True, losing Dorgan (as JohnNichols writes) is a significant blow. He was a strong progressivein an undeniably right-leaning state and it will be exceedingly difficultfor any other Democrat to replace him. ChrisDodd, on the other hand, despite having many virtues, was totally tainted by scandal(even Michael Moore went after him in Capitalism: A LoveStory) and was likely to lose his re-election campaign. Hisdeparture, while perhaps bittersweet, clears theway for Connecticut's popular Democratic attorney general, RichardBlumenthal, to capture his seat. It seems unlikely to me that aprogressive state like Connecticut would send a Republican to representtheir state alongside nominal Independent Joe Lieberman.


Permit me to borrow one our president's most famous turns ofphrase--Carrie Prejean's story could "only happen in America." Most ofus who don't consume a daily diet of shows like Access Hollywoodand TMZ would normally not have heard of Miss Prejean, but now that she'sbecome a regular on Fox News, an author and poster child for "Palinized" conservative women everywhere--she's almost unavoidable. Most recently she appeared on Larry King Live, where she repeatedly snapped at the septuagenarian host for being "inappropriate."



For the uninitiated, a quick recap:



Carrie Prejean was competing the Donald Trump-funded Miss USA pageant, and was representing California. Apparently she was well ahead in points when she reached the question-and-answer segment. Openly gay blogger Perez Hilton, serving as a judge, asked her about her position on same-sex marriage. To which she replied (emphasis mine):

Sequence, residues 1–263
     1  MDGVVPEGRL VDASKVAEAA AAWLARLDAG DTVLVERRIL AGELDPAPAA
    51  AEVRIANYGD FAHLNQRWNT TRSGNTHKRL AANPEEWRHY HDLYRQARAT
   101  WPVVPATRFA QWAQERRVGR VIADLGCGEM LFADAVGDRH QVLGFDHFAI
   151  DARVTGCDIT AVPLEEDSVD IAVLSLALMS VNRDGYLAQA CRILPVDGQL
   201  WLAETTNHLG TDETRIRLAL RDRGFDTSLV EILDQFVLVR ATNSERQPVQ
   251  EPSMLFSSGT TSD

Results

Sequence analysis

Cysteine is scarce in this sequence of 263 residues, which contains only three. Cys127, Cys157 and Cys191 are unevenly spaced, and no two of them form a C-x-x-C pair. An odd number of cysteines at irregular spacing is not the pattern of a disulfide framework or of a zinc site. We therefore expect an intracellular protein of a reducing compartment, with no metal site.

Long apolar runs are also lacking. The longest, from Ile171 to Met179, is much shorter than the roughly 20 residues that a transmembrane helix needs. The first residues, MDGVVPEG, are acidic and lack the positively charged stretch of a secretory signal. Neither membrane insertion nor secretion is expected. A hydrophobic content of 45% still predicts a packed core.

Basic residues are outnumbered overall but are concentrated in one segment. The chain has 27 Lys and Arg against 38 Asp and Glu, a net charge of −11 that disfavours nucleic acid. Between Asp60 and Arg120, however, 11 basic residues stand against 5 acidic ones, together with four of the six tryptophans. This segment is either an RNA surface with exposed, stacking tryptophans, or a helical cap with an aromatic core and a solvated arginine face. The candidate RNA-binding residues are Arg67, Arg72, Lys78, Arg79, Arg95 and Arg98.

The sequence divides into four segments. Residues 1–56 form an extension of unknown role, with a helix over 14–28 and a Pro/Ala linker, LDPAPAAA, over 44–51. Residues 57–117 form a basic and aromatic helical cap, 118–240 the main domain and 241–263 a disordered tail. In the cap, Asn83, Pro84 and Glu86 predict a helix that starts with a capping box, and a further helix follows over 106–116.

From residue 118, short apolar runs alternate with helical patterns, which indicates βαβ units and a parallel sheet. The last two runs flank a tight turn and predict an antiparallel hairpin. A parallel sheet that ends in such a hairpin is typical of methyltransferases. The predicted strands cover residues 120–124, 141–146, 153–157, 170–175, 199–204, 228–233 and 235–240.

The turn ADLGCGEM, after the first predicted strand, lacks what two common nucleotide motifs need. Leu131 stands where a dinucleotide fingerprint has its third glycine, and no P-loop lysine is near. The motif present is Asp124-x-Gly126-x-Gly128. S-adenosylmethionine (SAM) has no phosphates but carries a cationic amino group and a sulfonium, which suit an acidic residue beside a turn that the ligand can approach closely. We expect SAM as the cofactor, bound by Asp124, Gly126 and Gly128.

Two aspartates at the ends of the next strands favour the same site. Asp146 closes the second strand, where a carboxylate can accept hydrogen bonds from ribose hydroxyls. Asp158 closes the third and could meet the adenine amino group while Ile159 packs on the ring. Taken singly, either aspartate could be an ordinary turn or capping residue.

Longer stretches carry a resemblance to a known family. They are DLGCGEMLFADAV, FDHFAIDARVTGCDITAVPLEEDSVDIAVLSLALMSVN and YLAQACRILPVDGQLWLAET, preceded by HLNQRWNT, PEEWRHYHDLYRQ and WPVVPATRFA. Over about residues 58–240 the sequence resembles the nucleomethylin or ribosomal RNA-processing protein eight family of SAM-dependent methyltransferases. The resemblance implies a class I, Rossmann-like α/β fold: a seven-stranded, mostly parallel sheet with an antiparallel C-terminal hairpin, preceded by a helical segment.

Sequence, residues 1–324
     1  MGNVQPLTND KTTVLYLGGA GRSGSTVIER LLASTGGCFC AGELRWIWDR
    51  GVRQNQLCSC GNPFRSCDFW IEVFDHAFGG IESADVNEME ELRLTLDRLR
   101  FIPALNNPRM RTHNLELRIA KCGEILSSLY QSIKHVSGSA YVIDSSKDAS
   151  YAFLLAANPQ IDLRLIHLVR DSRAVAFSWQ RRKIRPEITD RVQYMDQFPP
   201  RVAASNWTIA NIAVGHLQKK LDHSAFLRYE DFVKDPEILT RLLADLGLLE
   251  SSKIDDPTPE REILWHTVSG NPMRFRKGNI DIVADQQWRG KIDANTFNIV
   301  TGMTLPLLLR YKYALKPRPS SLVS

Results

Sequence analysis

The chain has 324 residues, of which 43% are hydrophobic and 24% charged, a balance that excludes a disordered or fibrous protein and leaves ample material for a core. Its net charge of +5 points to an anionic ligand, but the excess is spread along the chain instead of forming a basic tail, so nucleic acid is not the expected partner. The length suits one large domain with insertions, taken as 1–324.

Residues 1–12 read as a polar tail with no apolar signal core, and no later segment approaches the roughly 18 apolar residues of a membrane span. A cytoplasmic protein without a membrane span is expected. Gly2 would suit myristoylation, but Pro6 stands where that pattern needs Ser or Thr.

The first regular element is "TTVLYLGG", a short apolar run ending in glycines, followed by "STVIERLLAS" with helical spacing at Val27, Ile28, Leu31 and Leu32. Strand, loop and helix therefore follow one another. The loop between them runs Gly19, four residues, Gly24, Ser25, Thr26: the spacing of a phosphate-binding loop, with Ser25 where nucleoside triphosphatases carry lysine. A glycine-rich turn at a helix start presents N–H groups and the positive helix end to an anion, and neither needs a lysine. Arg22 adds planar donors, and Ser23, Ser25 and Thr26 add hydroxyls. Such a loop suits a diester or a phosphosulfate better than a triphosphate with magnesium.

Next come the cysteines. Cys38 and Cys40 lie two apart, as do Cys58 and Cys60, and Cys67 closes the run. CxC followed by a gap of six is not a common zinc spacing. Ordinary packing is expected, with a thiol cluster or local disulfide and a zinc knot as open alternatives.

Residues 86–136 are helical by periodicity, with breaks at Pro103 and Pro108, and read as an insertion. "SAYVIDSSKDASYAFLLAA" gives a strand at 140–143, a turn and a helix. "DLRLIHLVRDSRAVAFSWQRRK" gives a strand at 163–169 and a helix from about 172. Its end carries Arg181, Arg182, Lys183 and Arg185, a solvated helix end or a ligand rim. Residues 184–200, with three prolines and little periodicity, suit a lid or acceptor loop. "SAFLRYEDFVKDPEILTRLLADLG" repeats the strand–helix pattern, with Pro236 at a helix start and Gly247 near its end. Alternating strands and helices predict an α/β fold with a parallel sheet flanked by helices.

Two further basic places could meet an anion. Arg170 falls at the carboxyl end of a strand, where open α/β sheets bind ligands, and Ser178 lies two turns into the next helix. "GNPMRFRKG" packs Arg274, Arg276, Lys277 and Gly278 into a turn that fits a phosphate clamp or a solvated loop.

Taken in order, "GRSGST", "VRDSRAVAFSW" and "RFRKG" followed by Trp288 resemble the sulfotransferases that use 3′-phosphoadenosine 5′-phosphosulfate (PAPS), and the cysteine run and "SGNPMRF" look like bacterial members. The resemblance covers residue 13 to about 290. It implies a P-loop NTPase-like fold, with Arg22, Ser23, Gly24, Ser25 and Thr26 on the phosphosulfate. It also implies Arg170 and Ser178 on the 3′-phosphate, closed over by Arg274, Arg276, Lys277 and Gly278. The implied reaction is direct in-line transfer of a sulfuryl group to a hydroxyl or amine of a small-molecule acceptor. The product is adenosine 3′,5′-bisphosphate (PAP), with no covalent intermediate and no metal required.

ACORN is one of the oldest and most successful organizations serving low-income communities in the United States, especially African-American communities, and it has a strong, longstanding base in New Orleans that will enable those affected to speak in their own names and hold politicians at all levels accountable over the long term.


Reprieve is a nonprofit run by Billy Sothern, an attorney who lives in New Orleans and represents indigent people facing the death penalty. Tax-deductible donations can be made online.

Community Labor United

Community Labor United is a coalition of progressive organizations in New Orleans formed in 1998. Their mission is to build organizational unity and support efforts that address poverty, racism and education. CLU organized in the areas hardest hit by the hurricane. Contact: Curtis Muhammad.

Charity Hospital

Charity Hospital is a public hospital in New Orleans serving low-income people. It was among the last to be evacuated, while private hospitals were able to pay for transport and care for their patients days earlier.

Louisiana Coalition Against Domestic Violence